(see submission instructions below)

*(click your browser's refresh button to ensure that you
have the most recent version)*

University rules on integrity of scholarship will be strictly enforced. By completing this assignment, you implicitly agree to abide by the UCSD Policy on Integrity of Scholarship described beginning on page 68 of the Academic Regulations section (PDF) of the 2007-2008 General Catalog, in particular, "all academic work will be done by the student to whom it is assigned, without unauthorized aid of any kind."

You are expected to do your own work on this assignment; there are no group projects in this course. You may (and are encouraged to) engage in general discussions with your classmates regarding the assignment, but specific details of a solution, including the solution itself, must always be your own work. Incidents that violate the University's rules on integrity of scholarship will be taken seriously: In addition to receiving a zero (0) on the assignment, students may also face other penalties, up to and including, expulsion from the University. Should you have any doubt about the moral and/or ethical implications of an activity associated with the completion of this assignment, please see the instructors.

Code for all programming assignments should be **well
documented**. A working program with no comments will **receive
only partial credit**. Documentation entails writing a description
of each function/method, class/structure, as well as comments throughout
the code to explain the program logic. Comments in OCaml are enclosed
within (* *), and may be nested.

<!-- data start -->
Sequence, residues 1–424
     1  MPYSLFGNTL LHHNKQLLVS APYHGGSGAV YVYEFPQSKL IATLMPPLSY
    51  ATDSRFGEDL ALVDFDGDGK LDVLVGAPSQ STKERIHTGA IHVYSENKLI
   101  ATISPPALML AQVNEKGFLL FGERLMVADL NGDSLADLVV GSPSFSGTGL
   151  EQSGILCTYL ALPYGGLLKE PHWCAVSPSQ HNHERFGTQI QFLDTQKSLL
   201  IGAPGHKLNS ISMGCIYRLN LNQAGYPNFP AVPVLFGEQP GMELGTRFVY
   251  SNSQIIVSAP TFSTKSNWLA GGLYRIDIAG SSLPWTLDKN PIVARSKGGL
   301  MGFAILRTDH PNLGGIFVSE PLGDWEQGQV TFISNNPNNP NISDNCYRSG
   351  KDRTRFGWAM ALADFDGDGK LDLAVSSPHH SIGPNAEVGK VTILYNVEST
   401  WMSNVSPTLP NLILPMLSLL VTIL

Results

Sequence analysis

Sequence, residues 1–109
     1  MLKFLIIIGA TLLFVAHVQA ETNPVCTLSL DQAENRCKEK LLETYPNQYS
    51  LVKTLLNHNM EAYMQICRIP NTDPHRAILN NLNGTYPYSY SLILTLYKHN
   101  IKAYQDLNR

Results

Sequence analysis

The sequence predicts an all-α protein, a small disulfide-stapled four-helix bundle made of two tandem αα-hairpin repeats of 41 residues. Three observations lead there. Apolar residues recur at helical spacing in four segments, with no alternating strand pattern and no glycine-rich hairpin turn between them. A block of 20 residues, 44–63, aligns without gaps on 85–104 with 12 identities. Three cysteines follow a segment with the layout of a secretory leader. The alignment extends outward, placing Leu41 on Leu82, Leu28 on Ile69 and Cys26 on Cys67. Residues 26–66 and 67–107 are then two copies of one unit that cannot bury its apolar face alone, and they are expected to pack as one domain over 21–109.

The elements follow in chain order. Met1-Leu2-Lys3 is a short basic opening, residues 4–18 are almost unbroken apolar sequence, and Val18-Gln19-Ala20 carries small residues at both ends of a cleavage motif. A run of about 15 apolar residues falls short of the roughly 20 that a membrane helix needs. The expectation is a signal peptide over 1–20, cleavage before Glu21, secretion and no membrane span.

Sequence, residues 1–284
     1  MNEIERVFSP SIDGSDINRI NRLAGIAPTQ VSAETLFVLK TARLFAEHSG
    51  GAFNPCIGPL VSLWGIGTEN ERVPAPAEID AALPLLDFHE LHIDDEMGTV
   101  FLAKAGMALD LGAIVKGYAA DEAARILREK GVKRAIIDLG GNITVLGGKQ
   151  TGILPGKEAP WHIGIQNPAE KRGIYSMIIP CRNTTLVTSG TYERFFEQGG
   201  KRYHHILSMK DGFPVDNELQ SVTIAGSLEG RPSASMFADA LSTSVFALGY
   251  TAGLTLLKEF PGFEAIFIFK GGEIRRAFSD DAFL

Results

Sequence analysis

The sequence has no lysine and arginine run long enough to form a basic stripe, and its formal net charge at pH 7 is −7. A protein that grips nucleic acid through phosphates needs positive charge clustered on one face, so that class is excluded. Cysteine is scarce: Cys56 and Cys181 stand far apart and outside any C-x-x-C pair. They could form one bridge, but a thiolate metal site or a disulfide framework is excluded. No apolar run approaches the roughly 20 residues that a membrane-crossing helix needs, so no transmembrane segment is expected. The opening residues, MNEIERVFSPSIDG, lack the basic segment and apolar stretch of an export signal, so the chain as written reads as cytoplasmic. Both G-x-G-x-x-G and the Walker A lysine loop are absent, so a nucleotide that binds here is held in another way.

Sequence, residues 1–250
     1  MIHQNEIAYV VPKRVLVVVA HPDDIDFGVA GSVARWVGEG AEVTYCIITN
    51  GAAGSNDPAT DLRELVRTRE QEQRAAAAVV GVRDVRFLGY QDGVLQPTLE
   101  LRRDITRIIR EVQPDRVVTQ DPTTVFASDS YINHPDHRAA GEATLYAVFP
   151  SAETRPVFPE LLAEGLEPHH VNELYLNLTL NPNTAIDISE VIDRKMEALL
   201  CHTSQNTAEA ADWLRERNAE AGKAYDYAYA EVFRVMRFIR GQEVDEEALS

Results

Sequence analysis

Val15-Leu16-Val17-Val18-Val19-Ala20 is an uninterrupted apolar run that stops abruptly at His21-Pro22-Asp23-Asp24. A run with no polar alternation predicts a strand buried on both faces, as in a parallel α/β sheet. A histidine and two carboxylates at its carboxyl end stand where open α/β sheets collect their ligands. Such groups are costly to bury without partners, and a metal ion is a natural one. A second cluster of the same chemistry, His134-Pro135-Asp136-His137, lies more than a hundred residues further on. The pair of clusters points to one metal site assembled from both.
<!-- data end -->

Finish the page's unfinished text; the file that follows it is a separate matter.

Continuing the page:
It is understood that some of the exercises in this programming assignment
require extremely little code and will not require extensive comments.

While few programming assignments pretend to mimic the "real"
world, they may, nevertheless, contain some of the ambiguity that exists
outside the classroom. If, for example, an assignment is amenable to
differing interpretations, such that more than one algorithm may implement
a correct solution to the assignment, it is incumbent upon the
programmer to document not only the functionality of the algorithm (and
more broadly his/her interpretation of the program requirements), but to
articulate **clearly** the reasoning behind a particular choice of
solution.

The overall objective of this assignment is to expose you to some advanced features of OCaml such as higher-order functions, abstract datatypes and modules, as well as to fully understand the notion of scoping, binding, environments and closures, by implementing a mini-ML interpreter. In addition, in this assignment you will be building a lexer and a parser. Again, no individual function requires more than 15-25 lines, so if you're answer is longer, you can be sure that you need to rethink your solution. The template for the assignment, as well as several test cases is available as a zip file pa5.zip that you need to download.

**Note:** All the solutions can be done using the purely
functional fragment of OCaml, using constructs covered in class, and most
require the use of *recursion*.
Solutions using imperative features
such as references or while loops will receive **no credit**. Feel free
to use any library functions that you want.

Your functions/programs **must** compile and/or run on a **Linux** ACS machine (e.g. ` ieng6.ucsd.edu `,
as this is where the verification of your solutions will occur. While
you may develop your code on any system, ensure that your code runs as
expected on an ACS machine prior to submission.